On Monday, June 26, 2017, the US Supreme Court granted certiorari and consolidated the 4th and 9th Circuit Courts of Appeals cases that prohibited the enforcement of President Trump’s travel ban. In doing so, the US Supreme Court partially lifted the preliminary injunctions issued by the 4th and 9th Circuit Courts of Appeals and ruled that the travel and refugee bans “may not be enforced against foreign nationals who have a credible claim of a bona fide relationship” with a US person or entity. (Trump v. IRAP, 6/26/17) Furthermore, although the Court clarified that a bona fide relationship to a US person must be a “close familial relationship,” the Court did not define what that phrase meant.
Left without a clear definition, the Trump Administration, through the U.S. Department of State, issued guidance on June 28, 2017 to U.S. Embassies and Consulates adjudicating visa applications in which it defined “close family” to include: “parent (including parent-in-law), spouse, child, adult son or daughter, son-in-law, daughter-in-law, sibling, whether whole or half. This includes step relationships. ‘Close family’ does not include grandparents, grandchildren, aunts, uncles, nieces, nephews, cousins, brothers-laws and sisters-in-law, fiances, and any other ‘extended’ family members.”
The guidance issued by the Trump Administration shows a fundamental lack of empathy and a failure to understand the realities of non-traditional or cultural family dynamics, where extended family members often serve as primary care givers. For example, in the United States, more than 4.9 million American children are raised by their grandparents and this figure is expected to increase due to issues around poverty, crime, incarceration, war, and illness. In fact, “grandparent-headed households have helped fuel the rise in multigenerational households,” and this is a phenomenon that has been steadily increasing over the last 40 years.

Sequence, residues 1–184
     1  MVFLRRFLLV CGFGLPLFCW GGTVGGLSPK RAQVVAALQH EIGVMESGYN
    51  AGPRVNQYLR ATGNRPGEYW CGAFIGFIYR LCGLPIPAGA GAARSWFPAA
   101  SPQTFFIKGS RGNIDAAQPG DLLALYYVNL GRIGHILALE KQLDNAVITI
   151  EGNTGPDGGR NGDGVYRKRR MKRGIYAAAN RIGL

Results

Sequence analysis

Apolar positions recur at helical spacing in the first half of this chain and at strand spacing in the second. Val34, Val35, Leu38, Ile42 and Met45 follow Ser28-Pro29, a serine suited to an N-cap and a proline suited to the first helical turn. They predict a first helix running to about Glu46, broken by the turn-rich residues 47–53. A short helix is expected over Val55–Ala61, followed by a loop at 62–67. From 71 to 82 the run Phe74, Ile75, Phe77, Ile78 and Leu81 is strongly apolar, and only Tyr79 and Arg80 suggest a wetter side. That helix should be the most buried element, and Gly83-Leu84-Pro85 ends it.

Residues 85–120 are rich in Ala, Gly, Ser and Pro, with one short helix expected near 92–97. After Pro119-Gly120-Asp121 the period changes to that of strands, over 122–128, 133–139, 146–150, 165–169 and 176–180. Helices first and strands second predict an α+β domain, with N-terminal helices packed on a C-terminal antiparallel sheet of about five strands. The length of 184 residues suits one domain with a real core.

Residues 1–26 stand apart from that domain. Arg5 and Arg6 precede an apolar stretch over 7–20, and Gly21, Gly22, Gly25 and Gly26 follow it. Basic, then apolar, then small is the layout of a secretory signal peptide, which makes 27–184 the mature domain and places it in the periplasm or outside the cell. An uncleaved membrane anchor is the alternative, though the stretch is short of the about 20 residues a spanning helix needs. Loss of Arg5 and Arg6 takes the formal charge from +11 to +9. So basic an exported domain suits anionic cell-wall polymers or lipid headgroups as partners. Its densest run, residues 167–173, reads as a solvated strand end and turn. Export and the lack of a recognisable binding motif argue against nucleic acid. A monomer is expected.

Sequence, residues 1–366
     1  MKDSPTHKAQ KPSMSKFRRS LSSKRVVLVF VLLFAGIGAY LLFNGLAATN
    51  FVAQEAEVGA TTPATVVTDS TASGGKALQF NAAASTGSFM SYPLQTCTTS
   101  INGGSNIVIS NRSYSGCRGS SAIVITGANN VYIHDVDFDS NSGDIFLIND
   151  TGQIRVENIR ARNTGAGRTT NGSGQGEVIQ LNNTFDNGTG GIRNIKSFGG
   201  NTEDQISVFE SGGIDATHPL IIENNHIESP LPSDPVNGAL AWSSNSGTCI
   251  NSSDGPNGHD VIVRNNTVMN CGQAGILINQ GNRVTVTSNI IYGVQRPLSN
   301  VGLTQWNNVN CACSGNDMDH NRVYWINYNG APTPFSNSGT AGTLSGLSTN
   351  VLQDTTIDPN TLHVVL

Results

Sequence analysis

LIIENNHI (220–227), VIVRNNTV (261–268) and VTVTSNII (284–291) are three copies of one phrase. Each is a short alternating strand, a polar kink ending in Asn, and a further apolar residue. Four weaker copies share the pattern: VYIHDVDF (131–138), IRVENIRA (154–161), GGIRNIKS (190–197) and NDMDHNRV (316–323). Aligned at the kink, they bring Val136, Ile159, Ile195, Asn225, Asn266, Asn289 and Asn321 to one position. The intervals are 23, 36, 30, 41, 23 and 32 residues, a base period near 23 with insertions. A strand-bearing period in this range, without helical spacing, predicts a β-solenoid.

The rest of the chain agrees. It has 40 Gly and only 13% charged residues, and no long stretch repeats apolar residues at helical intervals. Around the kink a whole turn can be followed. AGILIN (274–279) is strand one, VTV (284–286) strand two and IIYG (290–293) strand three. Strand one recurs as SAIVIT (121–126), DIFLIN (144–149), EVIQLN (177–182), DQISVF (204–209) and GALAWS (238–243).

According to Mirriam-Webster’s dictionary, the term “bona fide” means “authentic,” or “genuine.” The definition of “close family” established by the Trump Administration creates an artificial (not authentic or genuine) hierarchy in which one relative, by law (marriage) or by blood (birth), possesses more value than another. “For example, your mother-in-law is close enough to come into the U.S., but not your grandmother, who a blood relative without whom you wouldn’t exist.” Is one person’s relationship with his fiancé any less bona fide or meaningful than another person’s relationship with his step brother?
What criteria are the Trump Administration using to determine or measure “bona fide”? Ultimately, who gets to decide what “family” means and which family members have more genuine value? Is it the place of our government to determine that a step parent, whose relationship may be established merely through act of law, has any more standing or value than a grandparent?
Separating families based on a false narrative is cruel and inhumane to those individuals specifically affected by this travel ban. Many of the individuals who are directly affected by this travel ban have already had their families destroyed by war, terrorism and acts of extreme violence. Many have waited months if not years to be reunited with the only family they may have left, which may be an aunt, uncle, cousin or grandparent. By prohibiting such individuals to enter the United States because we have placed an artificial value on certain relationships merely re-victimizes people who have already endured unimaginable horrors. We all agree that our president should have the tools to protect our nation’s security. What should we say, for example, to a young person whose parents were killed during acts of terrorism in Syria and whose only relative may be an aunt, uncle or grandparent? How do we reconcile this decision with our Nation’s history and image of being “the land of the free and the home of the brave”?
Michael J. Wildes, is the managing partner of Wildes and Weinberg, P.C. He is a former federal prosecutor with the United States Attorney’s Office in Brooklyn (1989-1993), and has testified on Capitol Hill in connection with anti-terrorism legislation. Mr. Wildes is an adjunct professor at the Benjamin N. Cardozo School of Law in New York and teaches Business Immigration Law. From 2004 through 2010, Mr. Wildes was also the mayor of Englewood, NJ, where he resides. Wildes and Weinberg, P.C. has offices in New York, New Jersey and Florida and Los Angeles by appointment only. If you would like to contact Michael Wildes please email him at firstname.lastname@example.org and visit the firm’s website.